1980 election

Republican Ronald Reagan beat incumbent Democrat president Jimmy Carter in the 1980 election, making the latter one of the few presidents to unsuccessfully win a second term in office. Reagan won with a landslide victory as his promises to introduce supply-side economics, champion free market conservatism and raise defence spending resonated with voters.

Carter had struggled to revive a sluggish economy suffering from high inflation, unemployment and interest rates. Still, markets suffered in the first 18 months of Reagan’s presidency as the country entered a recession in 1981, partly driven by an oil crisis in the late 1970s sparked by a revolution in Iran.

1984 election

The US economy started to bounce back in the middle of 1982, and had largely recovered by the following year, which put Reagan and his economic policies on a strong footing to win re-election in 1984, when he beat Democrat nominee and former vice-president Walter Mondale.

Lower taxes and deregulation helped bring inflation back under control and unemployment down. Corporate earnings soared as Reagan kicked off a decade known for the introduction of consumerism, which propelled stock markets to new highs.

1988 election

President Reagan, unable to hold another term, retired and gave way for his vice president George H W Bush to take over the Republican nomination against the Democrat candidate Michael Dukakis.

Bush won and it was the first time either party had managed to secure a third successive term for 40 years. Between the market bottoming out during the 1982 recession and October 1987, the S&P 500 had risen by 161%, but plunged on what is known as Black Monday.

Black Monday: what lessons have we learnt?

The crash was short and sharp and markets around the world suffered the biggest drop in a single day in history. However, the US avoided entering a bear market as markets started to quickly rebound and the bulls picked up where they left off with a run that had been going since 1982.

The S&P 500 recorded huge gains under Reagan, and fully recovered virtually all of the losses caused by the crash within a year. This meant confidence in Reagan’s economics remained high, giving Bush strong foundations to build his own policies on. However, the US entered a relatively mild recession in 1990, which dented confidence in his early years.

1992 election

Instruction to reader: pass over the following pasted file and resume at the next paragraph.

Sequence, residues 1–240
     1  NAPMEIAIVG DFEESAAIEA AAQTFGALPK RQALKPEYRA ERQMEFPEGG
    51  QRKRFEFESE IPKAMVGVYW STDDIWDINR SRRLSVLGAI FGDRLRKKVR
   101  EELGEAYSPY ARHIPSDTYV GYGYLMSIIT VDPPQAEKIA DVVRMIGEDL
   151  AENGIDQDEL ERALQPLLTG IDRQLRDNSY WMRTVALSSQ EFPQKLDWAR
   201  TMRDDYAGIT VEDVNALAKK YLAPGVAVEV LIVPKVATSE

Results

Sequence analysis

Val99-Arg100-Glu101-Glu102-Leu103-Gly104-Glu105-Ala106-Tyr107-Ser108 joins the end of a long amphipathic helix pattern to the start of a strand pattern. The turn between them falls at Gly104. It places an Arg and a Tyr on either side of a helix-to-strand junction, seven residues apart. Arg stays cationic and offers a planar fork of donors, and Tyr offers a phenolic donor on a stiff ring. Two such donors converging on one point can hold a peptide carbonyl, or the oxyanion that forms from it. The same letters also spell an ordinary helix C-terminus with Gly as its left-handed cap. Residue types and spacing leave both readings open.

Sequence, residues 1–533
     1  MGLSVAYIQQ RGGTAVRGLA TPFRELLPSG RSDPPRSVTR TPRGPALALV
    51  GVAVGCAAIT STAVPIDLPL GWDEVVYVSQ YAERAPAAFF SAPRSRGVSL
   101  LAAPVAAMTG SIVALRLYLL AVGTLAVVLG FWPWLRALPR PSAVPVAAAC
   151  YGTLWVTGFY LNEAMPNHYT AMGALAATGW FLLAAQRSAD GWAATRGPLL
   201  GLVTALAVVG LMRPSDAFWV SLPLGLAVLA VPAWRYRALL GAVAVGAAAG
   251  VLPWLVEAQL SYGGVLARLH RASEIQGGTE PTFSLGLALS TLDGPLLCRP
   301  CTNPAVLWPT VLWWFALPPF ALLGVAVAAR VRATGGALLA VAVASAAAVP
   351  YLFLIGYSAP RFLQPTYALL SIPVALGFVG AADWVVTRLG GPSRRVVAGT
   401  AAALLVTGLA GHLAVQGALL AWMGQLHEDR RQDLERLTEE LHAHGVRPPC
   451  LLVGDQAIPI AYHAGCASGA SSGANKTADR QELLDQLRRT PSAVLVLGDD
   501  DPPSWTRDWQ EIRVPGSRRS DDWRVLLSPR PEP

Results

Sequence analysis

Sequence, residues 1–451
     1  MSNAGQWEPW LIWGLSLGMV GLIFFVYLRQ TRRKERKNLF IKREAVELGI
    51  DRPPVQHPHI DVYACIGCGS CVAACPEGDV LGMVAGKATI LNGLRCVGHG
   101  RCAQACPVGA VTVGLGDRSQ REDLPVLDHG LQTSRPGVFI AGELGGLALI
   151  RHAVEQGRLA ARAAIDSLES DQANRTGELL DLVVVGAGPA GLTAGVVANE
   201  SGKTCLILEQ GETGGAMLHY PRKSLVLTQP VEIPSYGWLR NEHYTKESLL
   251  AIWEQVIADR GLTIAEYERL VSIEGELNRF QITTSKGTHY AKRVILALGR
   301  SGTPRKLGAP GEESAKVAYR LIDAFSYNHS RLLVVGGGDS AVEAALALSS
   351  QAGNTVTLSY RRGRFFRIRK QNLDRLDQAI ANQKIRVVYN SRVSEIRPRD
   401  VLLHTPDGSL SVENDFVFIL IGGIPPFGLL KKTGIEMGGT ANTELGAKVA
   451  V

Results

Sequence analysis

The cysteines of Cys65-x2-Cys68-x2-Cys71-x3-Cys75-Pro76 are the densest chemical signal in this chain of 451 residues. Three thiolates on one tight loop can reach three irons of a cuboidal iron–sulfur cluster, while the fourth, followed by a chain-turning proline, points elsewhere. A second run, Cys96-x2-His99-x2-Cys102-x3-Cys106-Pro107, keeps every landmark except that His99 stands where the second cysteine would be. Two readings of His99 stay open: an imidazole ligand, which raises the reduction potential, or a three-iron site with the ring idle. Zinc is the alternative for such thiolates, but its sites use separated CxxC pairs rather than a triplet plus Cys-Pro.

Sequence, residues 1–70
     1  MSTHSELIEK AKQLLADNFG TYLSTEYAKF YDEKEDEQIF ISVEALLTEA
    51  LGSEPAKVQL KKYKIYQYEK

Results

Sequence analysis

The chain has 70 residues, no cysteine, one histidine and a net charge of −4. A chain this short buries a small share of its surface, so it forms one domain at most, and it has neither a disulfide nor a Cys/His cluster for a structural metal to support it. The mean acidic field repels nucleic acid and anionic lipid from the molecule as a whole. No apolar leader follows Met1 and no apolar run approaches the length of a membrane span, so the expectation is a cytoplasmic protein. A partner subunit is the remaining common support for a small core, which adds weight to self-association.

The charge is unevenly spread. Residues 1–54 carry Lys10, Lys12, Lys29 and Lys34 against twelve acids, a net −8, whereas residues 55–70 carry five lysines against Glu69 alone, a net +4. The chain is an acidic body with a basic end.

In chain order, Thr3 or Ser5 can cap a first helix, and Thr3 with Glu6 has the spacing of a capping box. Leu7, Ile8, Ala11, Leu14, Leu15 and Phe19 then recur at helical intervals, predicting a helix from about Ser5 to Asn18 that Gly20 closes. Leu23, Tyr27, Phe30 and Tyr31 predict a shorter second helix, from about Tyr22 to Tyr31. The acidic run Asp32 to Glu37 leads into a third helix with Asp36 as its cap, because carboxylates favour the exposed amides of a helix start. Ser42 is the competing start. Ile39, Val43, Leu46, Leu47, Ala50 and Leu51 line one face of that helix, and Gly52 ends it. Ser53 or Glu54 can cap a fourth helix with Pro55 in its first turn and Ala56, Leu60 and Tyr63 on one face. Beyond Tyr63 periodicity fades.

The US economy started to recover in 1991, which put Bush on course to win re-election in 1992. However, he became only the third president unable to secure a second term after losing to Democrat Bill Clinton.

While Reagan had been remembered for delivering high growth, low unemployment and low taxes, Bush was left with the resulting debt and deficits and was punished for breaking his pledge not to raise taxes.

One of Clinton’s campaign promises included addressing the gap between the rich and the poor that had widened under Reagan and Bush. Quite simply, any economic edge with voters that Bush had inherited from Reagan had vanished and he was left with the consequences of his predecessor’s policies.

Plus, Bush’s perceived strength on foreign policy and defence following the Gulf War had waded as major threats subsided, with the Cold War having ended, the Soviet Union gone, and relative peace in the Middle East.

This meant the focus was on the economy which, although growing, looked a lot more vulnerable. Voters can look for fresh management when the economy isn’t booming. Still, the S&P 500 continued to power higher following the recession, but at a much slower and steadier rate than what was seen in the 1980s.

1996 election

Clinton took office as the US came out of a recession and successfully oversaw the start of an economic boom in his first term in office. He was somewhat politically hamstrung after the Republicans won both the House and the Senate in the midterm elections in 1994, but regained ground thanks to the stable economy. The S&P 500 had rallied over 57% during Clinton’s first term.

Clinton won a second term after beating Republican nominee Bob Dole, but the Democrats still failed to win back the House and Senate. Still, growth in the economy and markets accelerated during the two years after the election, with the S&P 500 soaring 47% as the dot-com boom started to take off and investors piled in to new technology and internet stocks.

2000 election

The economy’s growth started to wane in the late 1990s and culminated in the dot-com bubble bursting in March 2000, just months before the election, causing a downturn in the economy, which was on the verge of a recession.

A clean slate of candidates competed after Clinton’s second term. His vice-president, Al Gore, took over the reins but failed to stave off Republican George W Bush, the son of previous president George H W Bush. The election was considered one of the closest in history considering Bush lost the popular vote but still won the election on the back of the Electoral vote.